photo credit @ Afremov.com
For centuries, Paris has been a global leader in the arts, business, culture and cuisine. Today, the French capital is increasingly making a name for itself in active mobility, as the city of lights becomes a city of bikes.
The Paris City Hall has bold plans to drive up levels of cycling and transform the capital into a more livable city, prioritising space for people. While progress has been made in recent years, Paris 2024 Olympic Games is seen as an opportunity to continue promoting cycling as a sport and daily activity. In recognition of initiatives already achieved and bold ambitions in place, Paris was awarded the UCI Bike City Label during the Yorkshire 2019 UCI Road World Championships last September. Fittingly, the 2019 UCI Mobility & Bike City Forum was also hosted in Paris on 12 and 13 November.
At the time of receiving the award, Christophe Najdovski, Deputy Mayor of Paris for Transport, Roads and Public Space said: “Through its 2015-2020 Cycling Plan, and an unprecedented investment of €150m, the City of Paris is resolutely committed to promoting a non-polluting, economical, user-friendly and healthy mode of travel; cycling. The choice was made to better share public space for the benefit of cyclists and pedestrians.
“Since then, Paris has transformed to become a cycling city. Rue de Rivoli, Georges Pompidou road, quai d’Austerlitz, avenue de Flandres, avenue des Champs-Elysées… everywhere in Paris, there are more and more facilities to make traveling easier, safer and more comfortable. Our action continues for a 100% cycling city. The City of Paris was pleased to host the UCI Bike City Forum at Paris City Hall on November 12 and 13, 2019. The UCI Bike City label also confirms our desire to transform Paris for the benefit of bicycle trips.”
At the heart of the city’s ambitions is the Plan Vélo 2015-2020 strategy. Investing €150m in bicycle infrastructure, the Plan had the goal of tripling the share of trips by bike from 5% in 2015 to 15% by 2020. At the start of the plan, there were 700km of cycling lanes in Paris, and the city continues to expand the network as it nears the 2020 goal of 1400km. In addition, traffic speeds are being lowered with the introduction of 30km/h zones, and the safety of cyclists is a priority in the design of urban roads.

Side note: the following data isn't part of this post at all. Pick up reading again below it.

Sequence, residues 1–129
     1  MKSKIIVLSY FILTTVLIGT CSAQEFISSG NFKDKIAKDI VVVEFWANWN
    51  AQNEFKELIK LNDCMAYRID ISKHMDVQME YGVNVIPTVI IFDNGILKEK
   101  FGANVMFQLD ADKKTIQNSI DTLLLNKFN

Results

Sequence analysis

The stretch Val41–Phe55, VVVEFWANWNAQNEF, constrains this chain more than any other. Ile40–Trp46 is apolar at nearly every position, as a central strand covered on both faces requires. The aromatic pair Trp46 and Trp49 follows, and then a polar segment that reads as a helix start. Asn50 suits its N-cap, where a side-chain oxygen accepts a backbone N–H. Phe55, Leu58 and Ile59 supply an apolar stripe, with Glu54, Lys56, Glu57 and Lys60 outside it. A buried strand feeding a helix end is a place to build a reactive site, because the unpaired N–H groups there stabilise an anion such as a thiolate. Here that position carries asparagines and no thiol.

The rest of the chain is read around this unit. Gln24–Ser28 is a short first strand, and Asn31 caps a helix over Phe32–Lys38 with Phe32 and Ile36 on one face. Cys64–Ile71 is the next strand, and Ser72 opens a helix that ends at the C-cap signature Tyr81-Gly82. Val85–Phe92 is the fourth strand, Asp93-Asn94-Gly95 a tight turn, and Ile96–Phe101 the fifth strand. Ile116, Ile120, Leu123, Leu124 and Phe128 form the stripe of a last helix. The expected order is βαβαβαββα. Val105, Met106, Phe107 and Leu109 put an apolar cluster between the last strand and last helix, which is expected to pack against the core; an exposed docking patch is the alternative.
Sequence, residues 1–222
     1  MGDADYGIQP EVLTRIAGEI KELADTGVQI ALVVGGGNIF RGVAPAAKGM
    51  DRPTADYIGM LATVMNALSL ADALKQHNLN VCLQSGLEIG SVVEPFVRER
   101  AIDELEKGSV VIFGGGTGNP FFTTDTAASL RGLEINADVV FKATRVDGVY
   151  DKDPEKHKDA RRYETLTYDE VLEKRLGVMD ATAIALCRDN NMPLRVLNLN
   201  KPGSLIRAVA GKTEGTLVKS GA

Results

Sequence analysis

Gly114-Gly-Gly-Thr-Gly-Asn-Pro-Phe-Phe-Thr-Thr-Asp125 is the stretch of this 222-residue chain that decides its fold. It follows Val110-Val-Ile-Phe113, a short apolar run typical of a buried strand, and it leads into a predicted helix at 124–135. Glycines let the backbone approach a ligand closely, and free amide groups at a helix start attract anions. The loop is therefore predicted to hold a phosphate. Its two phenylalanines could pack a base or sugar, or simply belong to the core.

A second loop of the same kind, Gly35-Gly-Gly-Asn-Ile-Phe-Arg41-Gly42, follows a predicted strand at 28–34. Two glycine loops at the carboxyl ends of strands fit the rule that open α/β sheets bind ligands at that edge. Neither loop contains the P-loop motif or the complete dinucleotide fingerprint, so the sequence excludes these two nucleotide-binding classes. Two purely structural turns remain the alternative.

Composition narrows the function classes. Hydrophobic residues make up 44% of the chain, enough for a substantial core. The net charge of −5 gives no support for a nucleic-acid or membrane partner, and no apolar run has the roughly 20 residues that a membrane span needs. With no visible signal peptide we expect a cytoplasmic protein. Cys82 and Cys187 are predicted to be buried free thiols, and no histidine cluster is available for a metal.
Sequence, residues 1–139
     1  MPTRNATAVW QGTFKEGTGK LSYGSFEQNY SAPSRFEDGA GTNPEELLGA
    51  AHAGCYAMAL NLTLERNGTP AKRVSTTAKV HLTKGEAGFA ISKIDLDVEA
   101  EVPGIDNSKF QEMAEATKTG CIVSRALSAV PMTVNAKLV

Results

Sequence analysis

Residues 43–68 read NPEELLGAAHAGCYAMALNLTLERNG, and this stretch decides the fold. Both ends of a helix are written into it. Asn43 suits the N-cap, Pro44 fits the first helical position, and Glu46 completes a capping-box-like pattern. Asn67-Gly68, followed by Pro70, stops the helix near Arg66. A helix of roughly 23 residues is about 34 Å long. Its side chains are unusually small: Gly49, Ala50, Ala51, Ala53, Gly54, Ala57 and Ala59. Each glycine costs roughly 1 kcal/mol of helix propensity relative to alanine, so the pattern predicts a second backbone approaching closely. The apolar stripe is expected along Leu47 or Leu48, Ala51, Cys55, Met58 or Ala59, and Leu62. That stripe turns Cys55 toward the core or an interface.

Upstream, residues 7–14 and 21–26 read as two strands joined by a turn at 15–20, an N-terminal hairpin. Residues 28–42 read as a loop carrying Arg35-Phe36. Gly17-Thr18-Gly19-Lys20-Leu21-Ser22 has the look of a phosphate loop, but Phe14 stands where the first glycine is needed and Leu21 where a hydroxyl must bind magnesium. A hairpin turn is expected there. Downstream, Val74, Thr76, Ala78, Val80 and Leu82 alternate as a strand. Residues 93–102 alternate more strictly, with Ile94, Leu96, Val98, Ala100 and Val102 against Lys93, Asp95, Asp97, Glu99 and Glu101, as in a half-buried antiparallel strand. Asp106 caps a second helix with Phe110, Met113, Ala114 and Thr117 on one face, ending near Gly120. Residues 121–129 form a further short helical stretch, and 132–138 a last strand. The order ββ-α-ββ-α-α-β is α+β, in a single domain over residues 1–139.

A 61 kilometer Bicycle Express Network (REVe) is under construction, consisting of wide, two-way protected bicycle tracks, facilitating safe travel through the city centre and supporting a secondary network connecting the wider Paris territory and outlining municipalities. During the 2019 UCI Mobility & Bike City Forum, participants had the chance to test some of the bicycle infrastructure as part of a bike tour led by the city.
In order to best understand how the cycling projects are serving demand – and plan for the future – 36 automated bicycle counters are currently installed to gather data, and eventually 100 will be in place to map out cycle usage levels.
Olympic Games are always an opportunity to inspire greater grassroots and everyday participation in sport, and the city plans to seize the opportunities afforded by hosting the 2024 summer Olympic Games. Not only has Paris 2024 embraced environmental sustainability as a core ambition, with the goal of becoming the first carbon neutral Olympic Games, the Games aim to create sustainable solutions for cities and urban places. In fact, through the development of necessary infrastructure, Paris wants to ‘act as a lab to invent the city of tomorrow, a city designed for the people who live there’. Alongside pledges to power the Games using renewable energy and embrace the circular economy, public transport and environmentally friendly means of transport for spectators are part of the plan for sustainable Games.
The continued transformation of Paris into a bicycle capital leaves the city well prepared to deliver on the bold plans for sustainable transport around the Games. On a national level, the French government launched a strategy in 2018 with the aim of raising the modal share of cycling across France from 3% to 9% by the start of the Paris Games.
A sharing success
Discussions about Paris and cycling are not complete without mentioning the bicycle share scheme, Vélib’. First appearing on the streets of Paris in 2007, the successful deployment of the bike share system in this global metropolitan capital demonstrated to the world the potential of bike share systems. Today, with over 1,100 stations in the city, and a 20,000-strong fleet, the scheme now features e-bikes. And when non-e-bike bicycles are taken out of service, they will be replaced with e-bikes, eventually making the fleet 100% electric.
Alongside the upgrades in infrastructure and services, communication campaigns and the closing of streets to motor traffic also help encourage cycling among residents. Once a year in September, over 650 kilometers of roads are closed to cars and opened up to cyclists and pedestrians. On the first Sunday of each month, the iconic Champs Elysées are closed to motorised traffic, becoming an area for cycling and walking.
Taking a bicycle ride through the’ famous roads and thoroughfares of Paris is becoming safer and more enjoyable as the city continues to prioritise a future where all can travel by two wheels.
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